All 12 exons of the AChR ε subunit gene were sequenced using genomic DNA isolated from blood (Ohno et al. 1996). The εA411P mutation results in gain of an AvaI restriction site; therefore, εA411P was tracked in family members by AvaI restriction analysis of PCR products. ε1293insG and εT159P were tracked in family members by allele-specific PCR. Allele-specific PCR was used to screen for the three mutations in 200 normal alleles.

Construction and Expression of Mutant AChRs

Human AChR subunit cDNAs were subcloned into the CMV-based expression vector pRBG4 (Lee et al. 1991). Mutations were constructed using the QuickChange mutagenesis kit (Stratagene). The presence of the desired mutation and the absence of unwanted mutations was confirmed by dideoxy sequencing. Human embryonic kidney fibroblasts (293HEK) were transfected with mutant or wild-type AChR subunit cDNAs using calcium phosphate precipitation as described (Bouzat et al. 1994). Some experiments used BOSC cells (Pear et al. 1993), a variant of the 293HEK cell line.

Surface expression of pentameric AChR in transfected HEK cells was determined with 125I-labeled α-bungarotoxin (α-bgt) (Ohno et al. 1996). Equilibrium binding of ACh by the expressed receptors was measured by competition against the initial rate of 125I-α-bgt binding (Ohno et al. 1996).

Patch-Clamp Recordings

Recordings were obtained in the cell-attached configuration at a membrane potential of −70 mV and a temperature of 22°C (Wang et al. 1999). Extracellular and pipette solutions contained (mM): 142 KCl, 5.4 NaCl, 1.8 CaCl2, 1.7 MgCl2, 10 HEPES, pH 7.4. Single-channel currents were recorded using an Axopatch 200B amplifier and sampled at 1-μs intervals using a PCI-6111E fast data acquisition board (National Instruments) interfaced with a Dell Precision 410 workstation running the program Acquire (Bruxton Corp.). For channel open probability determinations, data were filtered at a final bandwidth of 10 kHz, and channel events were detected by the 50% threshold crossing method using TAC software (Bruxton Corp.).

Hidden Markov Modeling Analysis

We used hidden Markov modeling (HMM) to analyze the kinetics of clusters of closely spaced openings due to individual AChR channels. Recordings were initially viewed at 10 kHz bandwidth to identify clusters of events from individual channels, and the corresponding unfiltered segments were selected for analysis. Individual clusters were identified using a critical closed duration that averaged 5 ms. This closed duration was determined from closed-time histograms as the point of intersection of the predominant closed dwell-time component with the succeeding closed time component (Wang et al. 1999).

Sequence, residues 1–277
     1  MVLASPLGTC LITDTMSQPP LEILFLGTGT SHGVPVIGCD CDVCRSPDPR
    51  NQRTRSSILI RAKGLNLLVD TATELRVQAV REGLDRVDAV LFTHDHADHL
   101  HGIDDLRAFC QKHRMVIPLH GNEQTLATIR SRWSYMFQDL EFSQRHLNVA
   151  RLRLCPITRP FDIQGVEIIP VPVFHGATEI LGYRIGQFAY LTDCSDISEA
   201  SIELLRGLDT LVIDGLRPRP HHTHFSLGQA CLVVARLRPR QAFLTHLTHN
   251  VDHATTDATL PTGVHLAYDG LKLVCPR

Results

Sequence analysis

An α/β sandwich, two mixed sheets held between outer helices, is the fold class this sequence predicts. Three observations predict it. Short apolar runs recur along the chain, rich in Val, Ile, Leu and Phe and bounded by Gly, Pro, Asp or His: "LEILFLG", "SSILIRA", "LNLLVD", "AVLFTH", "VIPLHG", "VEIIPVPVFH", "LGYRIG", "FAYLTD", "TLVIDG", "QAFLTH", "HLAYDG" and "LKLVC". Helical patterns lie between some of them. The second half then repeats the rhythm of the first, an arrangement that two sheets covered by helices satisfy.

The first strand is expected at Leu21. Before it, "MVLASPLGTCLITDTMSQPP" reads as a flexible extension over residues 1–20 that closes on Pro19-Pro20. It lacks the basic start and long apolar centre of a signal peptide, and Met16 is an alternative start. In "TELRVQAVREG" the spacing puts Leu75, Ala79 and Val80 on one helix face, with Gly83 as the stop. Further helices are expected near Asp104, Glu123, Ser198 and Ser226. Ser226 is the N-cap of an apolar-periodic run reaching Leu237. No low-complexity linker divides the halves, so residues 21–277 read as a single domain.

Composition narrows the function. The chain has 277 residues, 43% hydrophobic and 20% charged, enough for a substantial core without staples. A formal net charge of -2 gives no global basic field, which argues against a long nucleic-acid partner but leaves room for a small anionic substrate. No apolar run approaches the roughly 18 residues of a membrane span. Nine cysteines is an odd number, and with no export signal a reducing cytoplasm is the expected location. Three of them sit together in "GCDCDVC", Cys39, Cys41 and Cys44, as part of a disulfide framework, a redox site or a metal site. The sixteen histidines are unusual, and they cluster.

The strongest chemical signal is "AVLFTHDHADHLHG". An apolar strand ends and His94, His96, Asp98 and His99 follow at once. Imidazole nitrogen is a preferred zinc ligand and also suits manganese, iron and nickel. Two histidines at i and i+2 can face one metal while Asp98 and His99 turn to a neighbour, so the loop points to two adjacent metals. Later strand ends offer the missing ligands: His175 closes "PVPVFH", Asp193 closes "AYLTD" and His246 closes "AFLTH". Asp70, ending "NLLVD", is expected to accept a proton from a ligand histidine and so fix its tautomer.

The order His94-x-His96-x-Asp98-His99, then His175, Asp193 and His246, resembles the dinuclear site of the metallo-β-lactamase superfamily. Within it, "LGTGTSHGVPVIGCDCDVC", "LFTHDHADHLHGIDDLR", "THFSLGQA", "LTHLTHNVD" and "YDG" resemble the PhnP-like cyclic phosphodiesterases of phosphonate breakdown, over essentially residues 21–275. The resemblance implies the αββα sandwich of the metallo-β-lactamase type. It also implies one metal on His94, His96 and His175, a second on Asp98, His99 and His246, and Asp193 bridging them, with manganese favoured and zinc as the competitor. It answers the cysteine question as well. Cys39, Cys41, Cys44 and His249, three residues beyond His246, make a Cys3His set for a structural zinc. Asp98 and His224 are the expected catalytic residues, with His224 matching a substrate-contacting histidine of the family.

HMM analysis was carried out using the method developed by Venkataramanan et al. 1998a, Venkataramanan et al. 1998b, which is incorporated into TAC 4.0.10 software (Bruxton Corp.). In brief, the method entails inverse filtering the signal to remove the effects of the patch-clamp amplifier and its associated anti-aliasing filter, decimating the digitized signal to reduce high frequency noise, and analyzing the resulting signal using an extension of the forward–-backward and Baum-Welch re-estimation algorithms (Venkataramanan et al. 1998a, Venkataramanan et al. 1998b). The resulting HMM output yields the most likely sequence of channel opening and closing events and the set of most likely rate constants in a kinetic description of the receptor activation processes.

Inverse filtering was achieved by passing a triangle wave into the speed test input of the patch clamp amplifier (Axopatch 200B; Axon Instruments, Inc.), recording the resulting step response at the amplifier output, and averaging several thousand step responses (Fig. 1 A). The inverse filter then used the averaged system step response and the theoretical step response to produce a digital moving average filter with defined coefficients that reconstructed the original unfiltered signal (Venkataramanan 1998). The power spectrum of noise recorded from a quiescent patch of membrane increases as (frequency)2 up to 100 kHz, but thereafter rolls off gradually and is punctuated by several high frequency spikes (Fig. 1 B). After inverse filtering and decimating to achieve an effective bandwidth of 100 kHz (Venkataramanan 1998), the noise spectral density again increases as (frequency)2, but rolls off sharply beyond ∼60 kHz.

The HMM analysis of Venkataramanan et al. 1998a,Venkataramanan et al. 1998b models the signal from a patch clamp recording as the sum of correlated background noise and a discrete state Markov model. The correlated noise is modeled as the output of an autoregressive filter with Gaussian white noise as the input. The autoregressive filter contains a user-defined number of autoregressive coefficients to simulate correlated noise found in patch-clamp recordings. We used the following discrete-state Markov model for HMM analysis:

(Scheme I)